ITHACA, N.Y.—With Site Plan Approvals in hand, local firm Visum Development Group is hoping that the Tompkins County Industrial Development Agency will be willing to award it tax abatements for the mixed-use project it has planned for Ithaca’s West End neighborhood.

The development, called “The Citizen” and slated for 602 West Buffalo Street, calls for a five-story building with a combined total gross floor area of 92,800 square feet. The building would contain 80 residential units on the top four floors, while the ground floor would host two commercial retail spaces totaling approximately 2,141 square feet, a community room, and 26 covered parking spaces on the ground floor.

Meanwhile, on the outside, planned amenities include a picnic area at the north end of the parcel away from the busy intersection, street-front retail patios and landscaping. The building is planned to be all-electric in compliance with the Ithaca Green Building Policy.

Being in the heart of the city’s West End neighborhood, “The Citizen” is located in the City of Ithaca’s Density District Boundary and qualifies for the 10-year CIITAP financial need incentive. According to the memo provided by Ithaca Area Economic Development, the project has an estimated build-out cost of $26,371,808, most of which will be covered by conventional bank financing, with $6.3 million coming directly out of Visum’s pockets (a.k.a. cash equity).

The existing 602 West Buffalo Street, formerly Joe’s Italian Restaurant. Credit: Casey Martin / The Ithaca Voice

Estimates for the value of the tax exemptions ring in at $2,957,552 for the property tax exemption, $758,047 on the sales tax for construction materials, and $50,000 on the mortgage filing tax, for a total savings amount of $3,765,599. Even with the partial property tax exemption, the property would also generate $2,584,322 in new property tax over the next 10 years versus if the site were left as-is. As for jobs, none are stated beyond about 150 construction jobs; the commercial space occupants are “indirect” jobs and cannot be cited in the IDA application.

“Assistance is necessary for the project due to unparalleled pressures on the local housing market and the wider industry, which is experiencing a significant surge in costs in a challenging financial market. […] Rising hard costs, coupled with increasing soft costs of development entitlement and charges imposed by local authorities, make it unlikely for the project to attract private investor capital and bank financing without the CIITAP abatement. The project is expected to achieve a cash-on-cash return of less than 10%,” states Visum Senior Development Manager Julia Bucher in the submission.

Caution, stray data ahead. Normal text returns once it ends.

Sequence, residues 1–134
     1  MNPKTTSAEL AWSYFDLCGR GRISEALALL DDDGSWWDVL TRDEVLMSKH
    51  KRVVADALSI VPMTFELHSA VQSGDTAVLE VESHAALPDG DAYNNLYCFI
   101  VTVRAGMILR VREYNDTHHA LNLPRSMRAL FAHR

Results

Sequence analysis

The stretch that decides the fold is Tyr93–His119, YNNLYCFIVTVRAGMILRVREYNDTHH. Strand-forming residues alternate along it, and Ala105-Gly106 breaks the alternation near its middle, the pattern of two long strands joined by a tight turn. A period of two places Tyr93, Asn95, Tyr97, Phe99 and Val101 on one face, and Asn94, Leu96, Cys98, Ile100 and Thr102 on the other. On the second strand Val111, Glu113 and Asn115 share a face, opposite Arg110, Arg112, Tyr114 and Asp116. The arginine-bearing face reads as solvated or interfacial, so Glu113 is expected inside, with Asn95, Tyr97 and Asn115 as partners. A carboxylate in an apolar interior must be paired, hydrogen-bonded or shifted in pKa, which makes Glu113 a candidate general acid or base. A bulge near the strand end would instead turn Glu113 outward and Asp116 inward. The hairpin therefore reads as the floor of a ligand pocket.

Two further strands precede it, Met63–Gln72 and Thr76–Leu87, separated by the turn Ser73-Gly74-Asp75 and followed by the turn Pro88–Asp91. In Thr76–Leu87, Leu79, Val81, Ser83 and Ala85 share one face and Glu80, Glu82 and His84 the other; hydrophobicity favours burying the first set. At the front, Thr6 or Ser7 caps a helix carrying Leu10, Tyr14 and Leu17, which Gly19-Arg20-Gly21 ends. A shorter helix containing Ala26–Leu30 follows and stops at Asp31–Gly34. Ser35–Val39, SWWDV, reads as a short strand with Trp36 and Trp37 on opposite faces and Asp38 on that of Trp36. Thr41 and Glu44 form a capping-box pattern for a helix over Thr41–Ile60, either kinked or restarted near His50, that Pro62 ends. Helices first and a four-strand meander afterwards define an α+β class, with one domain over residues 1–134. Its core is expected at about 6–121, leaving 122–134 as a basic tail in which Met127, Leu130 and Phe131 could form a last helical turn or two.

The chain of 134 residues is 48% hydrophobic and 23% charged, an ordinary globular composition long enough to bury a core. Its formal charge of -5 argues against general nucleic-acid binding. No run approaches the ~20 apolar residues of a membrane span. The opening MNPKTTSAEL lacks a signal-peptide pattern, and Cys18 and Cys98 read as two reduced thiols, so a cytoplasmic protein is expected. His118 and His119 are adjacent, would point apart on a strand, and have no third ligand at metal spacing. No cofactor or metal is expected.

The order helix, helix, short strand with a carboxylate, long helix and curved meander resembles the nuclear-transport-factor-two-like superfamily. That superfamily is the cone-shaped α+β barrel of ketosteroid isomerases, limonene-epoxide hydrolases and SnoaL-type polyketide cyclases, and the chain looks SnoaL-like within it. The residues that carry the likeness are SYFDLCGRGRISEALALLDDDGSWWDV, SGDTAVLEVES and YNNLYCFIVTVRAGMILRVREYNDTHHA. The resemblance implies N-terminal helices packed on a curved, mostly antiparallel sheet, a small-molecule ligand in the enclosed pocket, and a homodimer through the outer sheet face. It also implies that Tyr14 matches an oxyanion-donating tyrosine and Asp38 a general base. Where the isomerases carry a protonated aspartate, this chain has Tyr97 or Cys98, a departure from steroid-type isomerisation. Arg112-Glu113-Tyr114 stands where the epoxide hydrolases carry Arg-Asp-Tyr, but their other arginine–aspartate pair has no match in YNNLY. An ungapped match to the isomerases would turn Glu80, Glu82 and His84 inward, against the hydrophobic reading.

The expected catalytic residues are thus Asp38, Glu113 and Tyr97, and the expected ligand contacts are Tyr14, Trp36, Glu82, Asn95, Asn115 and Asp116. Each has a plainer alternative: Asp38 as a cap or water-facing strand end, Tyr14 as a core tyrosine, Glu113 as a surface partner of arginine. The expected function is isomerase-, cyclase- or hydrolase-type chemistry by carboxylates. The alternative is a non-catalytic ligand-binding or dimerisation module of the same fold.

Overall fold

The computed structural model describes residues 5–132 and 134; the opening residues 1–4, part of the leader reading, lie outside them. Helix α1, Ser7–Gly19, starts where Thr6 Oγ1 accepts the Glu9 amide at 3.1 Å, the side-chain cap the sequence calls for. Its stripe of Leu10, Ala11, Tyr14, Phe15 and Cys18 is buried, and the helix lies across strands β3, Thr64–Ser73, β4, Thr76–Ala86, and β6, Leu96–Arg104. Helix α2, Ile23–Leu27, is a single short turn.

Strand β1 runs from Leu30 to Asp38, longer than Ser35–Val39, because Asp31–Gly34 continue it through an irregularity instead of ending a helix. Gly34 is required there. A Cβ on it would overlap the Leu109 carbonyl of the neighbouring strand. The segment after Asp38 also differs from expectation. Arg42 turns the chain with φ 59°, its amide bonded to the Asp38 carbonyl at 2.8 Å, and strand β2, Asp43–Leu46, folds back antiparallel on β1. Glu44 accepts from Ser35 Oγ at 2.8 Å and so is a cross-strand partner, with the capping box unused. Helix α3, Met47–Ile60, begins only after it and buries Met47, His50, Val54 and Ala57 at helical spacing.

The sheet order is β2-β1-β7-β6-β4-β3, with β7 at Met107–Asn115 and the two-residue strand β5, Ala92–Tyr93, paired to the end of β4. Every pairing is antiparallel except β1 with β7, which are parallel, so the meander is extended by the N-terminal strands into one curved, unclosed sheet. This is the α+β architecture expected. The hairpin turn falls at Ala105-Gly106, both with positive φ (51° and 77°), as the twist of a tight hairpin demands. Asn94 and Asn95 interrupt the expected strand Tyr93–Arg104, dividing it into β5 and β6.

Generally speaking, projects need a minimum 10% return on investment (ROI) to be financially attractive enough for conventional construction loans. Without the abatement, “The Citizen” clocks in with a 6.3% ROI, in part because the project has long been planned as mid-market “workforce” housing (80-120% area median income), instead of the usual high-end “brand new luxury” apartments typically delivered onto the Ithaca market.

“Without the financial support provided by this (CIITAP) program, this project will be unfeasible and the City and NYS will be passing on the opportunity for a development that will help advance the so needed West End revitalization,” Bucher added.   

Perhaps one of the more curious aspects of the application is that, while the project has long been planned as workforce housing, there’s no plan for low-income units within the building. Application details show that Visum is instead opting instead to pay $528,000 into the Community Housing Development Fund (CHDF), the locally-managed affordable housing fund that helps underwrite the cost and reduce the financial barrier of building new low-and-moderate income housing in Tompkins County.

There has been some controversy lately regarding payments into the CHDF, because only recently have the first payments from developers been received into the fund. During the county Housing and Economic Development Committee last month, legislator Veronica Pillar (D-2nd District) had expressed some consternation with how long it had taken for funds to finally start flowing into the CHDF from developers obligated to do so by their IDA benefits packages.

The first developer-contributed $230,000 payment arrived in March, and is tentatively to be used to help build four new lower-income for-sale homes by Habitat for Humanity if the village of Lansing and city of Ithaca, and six for-sale townhomes in Trumansburg that will be locked in as permanently affordable as part of the INHS Community Housing Trust.

Specifically with the Citizen, the payment plan into the CHDF would involve an $88,000 payment as soon as they have construction financing in hand, with the remainder split over the first three years in which it is open for occupancy. The current plan is to begin construction this summer for opening in late 2024, translating to about $440,000 in remaining CHDF payments through 2027.

The project and its requests will begin discussion before the IDA’s board at their meeting at 2:30 p.m. on Wednesday, June 14, and livestreamed here. Side note, review of major IDA applications like this one always takes at least one month before decisions are made, so you will have time in the coming weeks to compose your thoughts, spoken or written. Written comments can be sent to IAED’s Ina Arthur at

Brian Crandall reports on housing and development for the Ithaca Voice. He can be reached at